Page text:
OVERLAND PARK, Kan.—Years ago the former United Rubber Workers union and Goodyear worked together on a collaborative program that may be responsible for one of the firm's U.S. tire factories still operating today.
And two of the participants in the program, the third-party facilitator and a Goodyear manager of industrial relations, say the principles they focused on still are relevant in labor-management relations today.
Robert Hughes, currently president of Overland Resource Group in Overland Park, was working back in the 1980s with W.P. Dolan & Associates, a forerunner of his current firm. W.P. Dolan at the time was working with Goodyear and the URW in Tyler, Texas, as the company was looking to convert the factory from bias-ply to radial tire production.
W.P. Dolan focused on helping union and management clients work together in a collaborative manner to help improve organizational performance, according to Hughes. He said that Jerry Butcher, head of Goodyear's North American manufacturing at the time, approached them about setting up a similar program at the Gadsden, Ala., facility, represented by URW Local 12.
The Alabama plant basically had two parts, one an old area where bias tires were produced, and then a newer expansion put up in the 1970s to manufacture radials. “Jerry said this is a big work force, with a lot of experience and an experienced management team,” Hughes said. “It's been a good plant for us. But the board of Goodyear is not going to spend money on improving locations if they don't see we have a reasonable business relationship with labor.”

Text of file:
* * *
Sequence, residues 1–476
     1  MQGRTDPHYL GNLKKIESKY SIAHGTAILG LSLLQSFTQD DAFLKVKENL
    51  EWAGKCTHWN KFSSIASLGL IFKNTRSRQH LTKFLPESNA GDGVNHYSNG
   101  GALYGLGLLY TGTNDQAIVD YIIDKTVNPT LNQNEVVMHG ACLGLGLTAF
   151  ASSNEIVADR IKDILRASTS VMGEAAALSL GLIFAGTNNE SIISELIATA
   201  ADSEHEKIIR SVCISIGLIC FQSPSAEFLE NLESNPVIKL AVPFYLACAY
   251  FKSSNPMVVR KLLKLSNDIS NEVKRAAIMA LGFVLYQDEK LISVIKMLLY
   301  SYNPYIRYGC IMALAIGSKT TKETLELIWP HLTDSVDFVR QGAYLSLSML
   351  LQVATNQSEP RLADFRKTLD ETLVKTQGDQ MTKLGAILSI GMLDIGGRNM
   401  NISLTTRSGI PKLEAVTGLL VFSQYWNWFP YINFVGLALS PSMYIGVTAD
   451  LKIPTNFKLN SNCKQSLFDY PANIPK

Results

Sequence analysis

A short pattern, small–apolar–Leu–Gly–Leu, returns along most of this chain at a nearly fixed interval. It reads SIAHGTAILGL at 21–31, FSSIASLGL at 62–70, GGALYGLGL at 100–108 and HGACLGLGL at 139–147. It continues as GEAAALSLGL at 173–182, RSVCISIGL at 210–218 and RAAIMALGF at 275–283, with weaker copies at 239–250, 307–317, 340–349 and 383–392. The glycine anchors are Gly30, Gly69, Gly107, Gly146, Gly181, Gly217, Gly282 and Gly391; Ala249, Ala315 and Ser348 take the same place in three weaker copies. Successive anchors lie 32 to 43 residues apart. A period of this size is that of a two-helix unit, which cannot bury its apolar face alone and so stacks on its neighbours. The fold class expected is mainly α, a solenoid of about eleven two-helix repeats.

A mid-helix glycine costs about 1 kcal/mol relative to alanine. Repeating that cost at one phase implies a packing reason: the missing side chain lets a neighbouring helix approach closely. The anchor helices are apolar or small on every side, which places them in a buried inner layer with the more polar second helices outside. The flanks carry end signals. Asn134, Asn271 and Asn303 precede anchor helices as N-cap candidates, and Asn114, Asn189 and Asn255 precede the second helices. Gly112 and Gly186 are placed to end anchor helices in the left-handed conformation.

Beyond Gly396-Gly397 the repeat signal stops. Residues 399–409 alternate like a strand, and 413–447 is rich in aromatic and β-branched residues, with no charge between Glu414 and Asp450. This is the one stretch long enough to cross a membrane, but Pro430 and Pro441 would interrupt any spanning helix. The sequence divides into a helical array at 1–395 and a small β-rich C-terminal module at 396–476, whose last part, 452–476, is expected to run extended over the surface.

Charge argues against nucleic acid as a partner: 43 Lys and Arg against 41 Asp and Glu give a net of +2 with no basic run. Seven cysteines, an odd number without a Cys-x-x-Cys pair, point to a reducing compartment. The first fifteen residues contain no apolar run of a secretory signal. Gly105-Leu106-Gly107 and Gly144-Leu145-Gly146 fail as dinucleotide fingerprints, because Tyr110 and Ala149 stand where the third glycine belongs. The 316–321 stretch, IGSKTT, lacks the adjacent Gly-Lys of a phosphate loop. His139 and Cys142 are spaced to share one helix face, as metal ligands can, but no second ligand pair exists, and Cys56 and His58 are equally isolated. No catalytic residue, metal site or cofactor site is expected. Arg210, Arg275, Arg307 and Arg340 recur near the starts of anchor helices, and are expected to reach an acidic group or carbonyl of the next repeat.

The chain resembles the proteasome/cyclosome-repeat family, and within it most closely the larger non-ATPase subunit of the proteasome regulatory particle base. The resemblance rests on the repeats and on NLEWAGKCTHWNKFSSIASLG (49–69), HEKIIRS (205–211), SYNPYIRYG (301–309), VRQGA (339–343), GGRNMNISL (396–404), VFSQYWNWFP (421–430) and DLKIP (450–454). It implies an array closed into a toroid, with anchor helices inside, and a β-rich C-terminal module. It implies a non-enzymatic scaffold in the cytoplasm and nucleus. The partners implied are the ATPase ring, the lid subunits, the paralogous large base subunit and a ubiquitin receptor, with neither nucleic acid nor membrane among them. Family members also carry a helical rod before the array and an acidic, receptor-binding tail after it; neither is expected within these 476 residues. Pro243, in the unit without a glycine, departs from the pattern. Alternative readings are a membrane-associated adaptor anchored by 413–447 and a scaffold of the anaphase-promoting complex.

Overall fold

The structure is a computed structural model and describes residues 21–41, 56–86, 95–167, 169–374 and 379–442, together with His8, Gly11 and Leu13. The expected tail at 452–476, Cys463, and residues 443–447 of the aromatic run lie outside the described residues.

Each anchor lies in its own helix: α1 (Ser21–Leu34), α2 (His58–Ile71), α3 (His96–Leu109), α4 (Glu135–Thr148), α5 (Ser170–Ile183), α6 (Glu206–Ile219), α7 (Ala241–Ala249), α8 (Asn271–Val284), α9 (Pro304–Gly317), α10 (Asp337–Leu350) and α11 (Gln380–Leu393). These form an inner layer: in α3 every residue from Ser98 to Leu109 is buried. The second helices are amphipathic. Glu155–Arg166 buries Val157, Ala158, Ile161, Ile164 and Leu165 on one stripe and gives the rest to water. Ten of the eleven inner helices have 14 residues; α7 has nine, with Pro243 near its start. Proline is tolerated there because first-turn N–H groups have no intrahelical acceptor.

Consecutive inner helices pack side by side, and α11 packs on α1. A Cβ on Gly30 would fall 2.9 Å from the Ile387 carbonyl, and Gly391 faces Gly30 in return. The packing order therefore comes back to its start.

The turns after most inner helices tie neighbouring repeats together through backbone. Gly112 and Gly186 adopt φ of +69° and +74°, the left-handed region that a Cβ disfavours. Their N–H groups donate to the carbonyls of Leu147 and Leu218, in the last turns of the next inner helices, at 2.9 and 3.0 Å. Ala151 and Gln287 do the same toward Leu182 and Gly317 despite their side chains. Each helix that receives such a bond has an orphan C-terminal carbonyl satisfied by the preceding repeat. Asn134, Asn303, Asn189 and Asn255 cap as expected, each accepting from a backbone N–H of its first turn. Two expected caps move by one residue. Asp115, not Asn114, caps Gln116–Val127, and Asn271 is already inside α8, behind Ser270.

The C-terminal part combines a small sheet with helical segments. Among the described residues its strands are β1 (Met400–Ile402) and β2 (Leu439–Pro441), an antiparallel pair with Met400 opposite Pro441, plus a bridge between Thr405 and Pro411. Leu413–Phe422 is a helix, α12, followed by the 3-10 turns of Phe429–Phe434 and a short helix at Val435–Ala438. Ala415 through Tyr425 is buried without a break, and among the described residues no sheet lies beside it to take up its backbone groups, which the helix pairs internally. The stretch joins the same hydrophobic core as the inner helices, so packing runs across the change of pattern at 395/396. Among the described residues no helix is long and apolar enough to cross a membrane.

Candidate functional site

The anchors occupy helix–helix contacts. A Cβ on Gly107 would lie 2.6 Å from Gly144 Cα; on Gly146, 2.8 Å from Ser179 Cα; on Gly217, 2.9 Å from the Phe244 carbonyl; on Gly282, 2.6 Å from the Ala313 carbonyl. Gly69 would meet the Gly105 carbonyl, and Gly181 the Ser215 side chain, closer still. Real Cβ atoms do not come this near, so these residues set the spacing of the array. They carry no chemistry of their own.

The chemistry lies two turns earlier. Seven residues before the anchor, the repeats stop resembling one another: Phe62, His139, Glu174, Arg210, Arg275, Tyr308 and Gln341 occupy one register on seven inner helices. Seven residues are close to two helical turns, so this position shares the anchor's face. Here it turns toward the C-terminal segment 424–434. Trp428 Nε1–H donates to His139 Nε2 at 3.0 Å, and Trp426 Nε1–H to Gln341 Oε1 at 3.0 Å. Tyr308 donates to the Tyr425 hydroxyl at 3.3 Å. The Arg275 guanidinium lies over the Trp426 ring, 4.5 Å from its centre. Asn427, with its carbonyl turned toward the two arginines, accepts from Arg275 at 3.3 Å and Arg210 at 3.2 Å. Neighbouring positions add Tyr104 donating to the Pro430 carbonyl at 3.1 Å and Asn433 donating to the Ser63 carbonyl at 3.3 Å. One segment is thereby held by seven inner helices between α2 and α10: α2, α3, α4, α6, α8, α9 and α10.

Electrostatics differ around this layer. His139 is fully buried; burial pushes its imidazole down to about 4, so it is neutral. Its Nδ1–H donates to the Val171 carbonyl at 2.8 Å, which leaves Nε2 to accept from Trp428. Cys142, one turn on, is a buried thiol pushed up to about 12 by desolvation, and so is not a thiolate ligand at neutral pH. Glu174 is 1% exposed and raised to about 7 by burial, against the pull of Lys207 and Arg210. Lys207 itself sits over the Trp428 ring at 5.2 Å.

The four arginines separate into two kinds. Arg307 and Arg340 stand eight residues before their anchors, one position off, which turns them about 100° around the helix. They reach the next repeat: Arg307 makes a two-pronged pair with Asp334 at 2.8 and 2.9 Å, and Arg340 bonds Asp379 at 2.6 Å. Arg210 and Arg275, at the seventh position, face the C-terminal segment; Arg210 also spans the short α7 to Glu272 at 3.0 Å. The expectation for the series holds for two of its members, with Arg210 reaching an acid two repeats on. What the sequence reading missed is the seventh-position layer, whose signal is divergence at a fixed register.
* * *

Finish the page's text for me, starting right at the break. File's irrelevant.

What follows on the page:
Doug Wade was sent to the Gadsden plant in 1986 as manager of industrial relations, and he recalls that a lot of company personnel refused to go to Gadsden because the threat of closure hung over the factory. He went there with the expectation that the plant would not survive.
But after talking to union and management officials, they presented a plant to Goodyear leadership to try to save the facility. The top executives felt like they were hearing a tale they'd heard before, and historically it was “all talk and no change,” Wade said. “Goodyear signed off with great doubt it would ever happen.”
At that point Goodyear leadership—headed by Butcher—suggested they work with W.L. Dolan, as the company and union were in Tyler. So Wade and the president of Local 12 at the time went and met with plant management and union leadership from the Texas facility to see if they felt the process could work in Gadsden.